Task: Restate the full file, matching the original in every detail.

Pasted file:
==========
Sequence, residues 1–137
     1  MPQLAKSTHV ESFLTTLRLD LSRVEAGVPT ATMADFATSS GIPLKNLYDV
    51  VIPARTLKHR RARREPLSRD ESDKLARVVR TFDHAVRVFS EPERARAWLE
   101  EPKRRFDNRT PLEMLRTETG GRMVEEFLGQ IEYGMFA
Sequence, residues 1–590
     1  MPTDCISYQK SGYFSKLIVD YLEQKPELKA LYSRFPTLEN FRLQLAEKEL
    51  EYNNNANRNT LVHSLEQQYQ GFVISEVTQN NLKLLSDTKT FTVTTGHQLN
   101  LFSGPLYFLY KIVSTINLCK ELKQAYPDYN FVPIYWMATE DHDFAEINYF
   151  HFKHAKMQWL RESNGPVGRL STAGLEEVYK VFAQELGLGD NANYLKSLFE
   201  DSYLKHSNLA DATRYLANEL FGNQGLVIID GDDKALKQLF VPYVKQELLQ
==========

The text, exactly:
Sequence, residues 1–137
     1  MPQLAKSTHV ESFLTTLRLD LSRVEAGVPT ATMADFATSS GIPLKNLYDV
    51  VIPARTLKHR RARREPLSRD ESDKLARVVR TFDHAVRVFS EPERARAWLE
   101  EPKRRFDNRT PLEMLRTETG GRMVEEFLGQ IEYGMFA
Sequence, residues 1–590
     1  MPTDCISYQK SGYFSKLIVD YLEQKPELKA LYSRFPTLEN FRLQLAEKEL
    51  EYNNNANRNT LVHSLEQQYQ GFVISEVTQN NLKLLSDTKT FTVTTGHQLN
   101  LFSGPLYFLY KIVSTINLCK ELKQAYPDYN FVPIYWMATE DHDFAEINYF
   151  HFKHAKMQWL RESNGPVGRL STAGLEEVYK VFAQELGLGD NANYLKSLFE
   201  DSYLKHSNLA DATRYLANEL FGNQGLVIID GDDKALKQLF VPYVKQELLQ